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Hickman savoring opportunity to advance

The Kewpies have some fight left after a 2-5 start to the season.
Friday, November 3, 2006 | 12:00 a.m. CST; updated 9:31 a.m. CDT, Friday, July 4, 2008

You can call it a flawed system. You can call it a loophole. The Hickman football team does not care.

With a 3-6 record, Hickman still controls its destiny to an extent in tonight’s game against Jefferson City. If the Kewpies win, they will clinch at least a share of the District 6 championship. If that win is coupled with a Fort Zumwalt West loss to Fort Zumwalt South, the Kewpies will be heading to the playoffs because they hold the head-to-head tiebreaker with Jefferson City.

How is this possible?

Missouri high school athletics are broken down into districts. The team that wins each district earns a playoff spot. Hickman is in Class 6 which has eight districts, meaning only eight teams will be playing for the Class 6 state title.

That means that a team’s district record is all that matters. Hickman was 2-5 in nondistrict play, but the team has gone 1-1 in its district. Jefferson City was 3-4 in nondistrict play and has gone 2-0 in the district.

Tonight’s game is especially important for some of Hickman’s seniors. Wide receivers Derrick Smith and Byron Bundy, quarterback Nick Timberlake and lineman Lucas Little were all members of Hickman’s 2004 state championship team. Hickman did not qualify for the postseason last year, so the seniors love having an opportunity to get back to the postseason with tonight’s game.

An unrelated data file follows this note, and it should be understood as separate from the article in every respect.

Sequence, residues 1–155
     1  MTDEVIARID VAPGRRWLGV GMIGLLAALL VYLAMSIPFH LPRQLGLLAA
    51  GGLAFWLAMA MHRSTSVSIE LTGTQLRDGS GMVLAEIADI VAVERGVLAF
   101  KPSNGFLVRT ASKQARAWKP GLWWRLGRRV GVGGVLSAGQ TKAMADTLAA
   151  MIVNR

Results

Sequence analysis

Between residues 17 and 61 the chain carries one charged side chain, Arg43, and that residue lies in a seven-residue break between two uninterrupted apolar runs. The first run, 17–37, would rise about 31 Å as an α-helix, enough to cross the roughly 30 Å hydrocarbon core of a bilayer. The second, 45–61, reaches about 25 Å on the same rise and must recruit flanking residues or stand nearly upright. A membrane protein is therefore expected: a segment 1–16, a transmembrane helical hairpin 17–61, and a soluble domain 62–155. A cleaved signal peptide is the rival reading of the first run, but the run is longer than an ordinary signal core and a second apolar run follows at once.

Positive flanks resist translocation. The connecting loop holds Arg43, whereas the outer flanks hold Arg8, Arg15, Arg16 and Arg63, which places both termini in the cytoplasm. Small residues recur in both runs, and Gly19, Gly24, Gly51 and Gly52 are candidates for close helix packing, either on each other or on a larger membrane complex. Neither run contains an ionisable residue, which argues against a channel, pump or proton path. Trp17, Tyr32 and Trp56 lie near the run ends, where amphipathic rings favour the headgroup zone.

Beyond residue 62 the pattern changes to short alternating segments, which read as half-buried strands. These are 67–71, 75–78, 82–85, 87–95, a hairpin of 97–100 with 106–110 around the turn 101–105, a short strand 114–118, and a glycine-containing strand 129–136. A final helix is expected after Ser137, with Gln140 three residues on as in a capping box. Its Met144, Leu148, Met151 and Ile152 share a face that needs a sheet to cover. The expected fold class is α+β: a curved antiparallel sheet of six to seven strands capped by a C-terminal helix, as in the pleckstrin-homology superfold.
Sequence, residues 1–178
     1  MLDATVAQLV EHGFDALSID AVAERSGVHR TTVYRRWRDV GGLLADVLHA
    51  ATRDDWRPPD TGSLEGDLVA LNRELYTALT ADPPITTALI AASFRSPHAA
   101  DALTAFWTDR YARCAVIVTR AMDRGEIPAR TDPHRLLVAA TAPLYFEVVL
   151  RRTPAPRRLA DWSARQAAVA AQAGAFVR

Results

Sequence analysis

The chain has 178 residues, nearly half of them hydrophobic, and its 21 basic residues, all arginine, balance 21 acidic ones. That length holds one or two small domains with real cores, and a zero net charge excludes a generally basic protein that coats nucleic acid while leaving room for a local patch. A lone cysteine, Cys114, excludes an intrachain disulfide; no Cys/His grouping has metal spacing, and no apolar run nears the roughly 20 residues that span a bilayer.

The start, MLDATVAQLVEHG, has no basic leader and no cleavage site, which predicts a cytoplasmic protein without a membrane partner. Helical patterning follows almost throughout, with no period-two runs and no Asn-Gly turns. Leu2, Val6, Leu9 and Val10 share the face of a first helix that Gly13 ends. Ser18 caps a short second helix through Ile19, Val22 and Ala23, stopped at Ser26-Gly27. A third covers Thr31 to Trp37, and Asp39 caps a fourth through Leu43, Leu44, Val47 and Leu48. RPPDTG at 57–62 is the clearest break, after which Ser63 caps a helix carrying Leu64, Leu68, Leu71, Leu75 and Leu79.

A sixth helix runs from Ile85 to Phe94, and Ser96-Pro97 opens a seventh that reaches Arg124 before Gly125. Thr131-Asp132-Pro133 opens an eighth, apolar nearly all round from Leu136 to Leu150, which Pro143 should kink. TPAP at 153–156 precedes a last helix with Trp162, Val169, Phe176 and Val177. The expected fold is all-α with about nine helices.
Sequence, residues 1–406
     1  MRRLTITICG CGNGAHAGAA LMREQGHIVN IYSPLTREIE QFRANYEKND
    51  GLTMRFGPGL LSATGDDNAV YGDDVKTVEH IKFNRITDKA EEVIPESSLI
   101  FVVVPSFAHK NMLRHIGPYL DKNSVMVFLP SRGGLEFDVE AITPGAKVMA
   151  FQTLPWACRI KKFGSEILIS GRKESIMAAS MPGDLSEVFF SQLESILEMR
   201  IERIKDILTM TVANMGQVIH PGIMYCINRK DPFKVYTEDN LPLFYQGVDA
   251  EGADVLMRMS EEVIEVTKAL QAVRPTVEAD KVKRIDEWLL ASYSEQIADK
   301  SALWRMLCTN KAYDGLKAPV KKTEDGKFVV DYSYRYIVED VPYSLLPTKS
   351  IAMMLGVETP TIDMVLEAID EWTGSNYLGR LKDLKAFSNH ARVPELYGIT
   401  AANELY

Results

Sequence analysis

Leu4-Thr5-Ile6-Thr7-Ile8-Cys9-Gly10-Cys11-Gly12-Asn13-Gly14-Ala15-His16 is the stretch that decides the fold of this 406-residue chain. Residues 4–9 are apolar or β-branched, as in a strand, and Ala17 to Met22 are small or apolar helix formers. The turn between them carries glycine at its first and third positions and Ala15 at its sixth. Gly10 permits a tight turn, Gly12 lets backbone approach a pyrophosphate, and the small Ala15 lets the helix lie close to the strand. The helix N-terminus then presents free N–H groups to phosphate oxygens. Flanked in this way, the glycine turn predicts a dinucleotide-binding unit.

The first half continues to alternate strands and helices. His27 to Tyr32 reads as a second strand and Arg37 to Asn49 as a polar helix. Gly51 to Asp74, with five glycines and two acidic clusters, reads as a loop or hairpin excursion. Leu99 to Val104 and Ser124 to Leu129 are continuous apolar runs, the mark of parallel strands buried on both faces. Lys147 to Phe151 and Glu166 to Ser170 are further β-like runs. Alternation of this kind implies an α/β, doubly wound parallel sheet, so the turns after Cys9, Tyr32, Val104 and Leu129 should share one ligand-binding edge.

“You get to start all over,” Smith said. “All that stuff you did (in the first seven games) doesn’t really matter.”

Timberlake says Hickman must make the most of its unique situation.

“It’s a second chance,” he said. “When you get a second chance, you really got to capitalize on it because not everybody gets that.”

Little said the team has rallied around the opportunity.

“It (the chance to make the playoffs) is huge because we didn’t have that great of a beginning of the season,” he said. “That (the opportunity) is a new light that a lot of the guys see, and we’re kind of running with it now.”

Coach Jason Wright said he is just happy his team has a reason to come out to practice every day, and that the team has something to play for instead of giving up.

“We really have something to practice for, to prepare for,” he said. “All these guys told me that their goal was to win a district championship. It’s right there for us. That is the reason you play the game.”

Having a team’s district record decide playoff berths makes the three district games the only ones that matter. A poor performance can mean a team with a good record does not qualify for the playoffs.

“It just shows that if you keep playing hard and you keep fighting, anything can happen,” Bundy said. “It (the game against Jefferson City) means a lot because we still have a chance.”

“You get to start all over,” Smith said. “That is what I like. It gave us a shot. We were 2-5, and we got a chance. Some other teams were 7-0, and they’re out. That’s just the way it is. Life’s not fair.”

It might seem like the playoff setup could hurt some of the better teams in the state, but Wright said every team knows from the beginning of the season that the last three games are what really matter.

When Hickman squared off against Rock Bridge earlier this year, there was a lot of rivalry talk floating around town. But, the history of the schools shows that Hickman’s rivalry with Rock Bridge is not nearly as large as the one with Jefferson City.

Throw the district championship on top of that history, and tonight’s game is larger than life for the Hickman players.

“No matter what the records are, we are going to play our hardest against Jeff City,” Bundy said. “It means a lot more now because it’s the district championship on the line.”

Little said when Hickman plays Jefferson City, there might not be as much buzz as when the Kewpies play Rock Bridge, but the game is still important.

“It’s a bigger game to me and a lot more of the seniors on the team,” he said.


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